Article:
PMSRC

Project Management System resources Center

Module 2: Characteristics and Attributes of Project Management Systems

This module describes the various characteristics and attributes common to project management systems (PMSs), which may serve as a means for assessing a PMS’ suitability for use in a specific project management environment. The PMS factors addressed are its scope of project management functionality, its scalability and complexity, the modality of platforms available for its use, degree of training required, and other factors associated with the support requirements of a PMS.

Learning Outcomes

  1. Categorize PMS software deployment models.
  2. Categorize functional attributes of a PMS.
  3. Describe PMS support requirements.

For Your Success & Readings

This module will help you to compare software deployment models that pertain to project management systems, to recognize attributes of this type of software, and to identify the support requirements for such systems. Take the time to review the videos, interactives, and organizational websites for the software suites that have been identified.

Recommended

  • Part 1: Chapter 1 (section 1.2.3) in A guide to the project management body of knowledge (PMBOK® Guide) (6th ed.)

1. PMS Scope and Scale

Project management environments are as unique and varied as the organizations in which they exist. The organization’s culture and values, leadership style, informal and formal structures, cross-enterprise teamwork and collaboration, and stakeholder engagement and commitment, policies and procedures, and project-related knowledge and intellectual capital compose the project management environment factors that inform the requirements for the organization’s project management system (PMS). Given this contextual basis, the PMS is described by two key dimensions, namely, functional scope and scale of use. 

The PMS’ functional scope is described in terms of the project management tools, which include the techniques, technologies, and instruments that enable the effective, efficient, and reliable performance of project-related work activities throughout a project’s life-cycle phases. Although project-related functions can be performed using manual techniques, PMS project management tools are based on software and information technology, which compose the PMS functional scope. The PMS functional scope is commonly categorized by types project management tools applied, which is described in Table 1.

Table 1

Project Management System Functional Scope Categories and Descriptions

Functional Scope Category Description
Project Lifecycle Management Facilitates the achievement of project management activities supporting project initiation, organization, execution, and closure.
Project Planning and Oversight Supports the planning (creating WBS, estimating, scheduling, and resourcing), monitoring, and controlling of project-related activities, including earned value management (EVM).
Project Collaboration Delivers a shared facility for project teams and other stakeholders to communicate and exchange project-related information.
Document Management Provides a central repository for project artifacts and other project-related documents.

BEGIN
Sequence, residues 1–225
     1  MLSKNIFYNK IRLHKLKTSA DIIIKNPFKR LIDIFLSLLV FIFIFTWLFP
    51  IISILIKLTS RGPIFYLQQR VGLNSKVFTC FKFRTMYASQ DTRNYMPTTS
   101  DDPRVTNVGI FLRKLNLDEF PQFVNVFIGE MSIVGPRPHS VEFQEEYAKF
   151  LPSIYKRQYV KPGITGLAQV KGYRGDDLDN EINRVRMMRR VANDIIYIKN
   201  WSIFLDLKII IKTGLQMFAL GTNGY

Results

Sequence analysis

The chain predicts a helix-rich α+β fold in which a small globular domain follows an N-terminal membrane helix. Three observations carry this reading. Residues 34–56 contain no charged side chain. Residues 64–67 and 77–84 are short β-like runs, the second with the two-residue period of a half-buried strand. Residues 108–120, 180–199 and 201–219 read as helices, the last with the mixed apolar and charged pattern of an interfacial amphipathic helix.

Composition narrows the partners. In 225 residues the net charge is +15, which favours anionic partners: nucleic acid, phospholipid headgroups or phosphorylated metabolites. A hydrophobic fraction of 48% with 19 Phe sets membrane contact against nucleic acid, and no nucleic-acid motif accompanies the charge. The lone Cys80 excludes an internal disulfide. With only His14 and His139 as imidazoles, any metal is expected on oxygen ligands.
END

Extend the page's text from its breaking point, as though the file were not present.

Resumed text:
Business Alignment Enables project stakeholders integrated use to optimize mission alignment, business value, and compliance aspects of project management, as well as integration of the PMS with the organization’s enterprise resource planning (ERP) system or in the context of professional services automation (PSA).
Project Environment Support Enables the integrated assessment of project management capability, capacity, and availability of project resources.
Adapted from The Complete Project Management Office Handbook (Hill, 2013, pp. 51-52

The PMS scale identifies the degree to which the PMS scope permeates the project management environment. In response to organizational factors within the project management environment, the project management activities may be performed as a stand-alone project by an individual or a project team or in the broader context of program management, a portfolio project management (PPM), a project management office (PMO) context, or some combination of these frameworks. The PMBOK® Guide (PMI, 2017, p. 11) described program management as the concentration of projects and other activities to meet the program objectives (of obtaining the synergistic benefits of managing projects individually) while describing PPM as the centralized management of projects, programs, or sub-portfolios to achieve strategic enterprise objectives. Additionally, the PMO is a management framework functioning as an integrating force that serves as a central clearing house for project-related policies, standards, methods, and best practices (Hill, 2013; Kerzner, 2017). Program management, PPM, and PMO permeate the project management to an increasingly greater degree; thus, translating to a greater PMS scale requirement.

2. PMS Deployment Modalities

light jumping from computer to computer in a row of five laptops

An automated PMS operates on a computing platform using software and other information technologies (IT). The PMS deployment modality describes the type of computing platform in which the PMS is implemented for use.  The PMS deployment platforms include single-user computers, shared-user networks (local and wide area networks), and cloud-computing environments as a software-as-a-solution (SaaS) application. Additionally, some PMSs provide mobile app technology enabling distributed access to the PMS’ functionality, as well as some PMSs provide application program interfaces (APIs) or other techniques to integrate project management software with other software applications such as email applications, virtual collaboration systems, and other application productivity tools.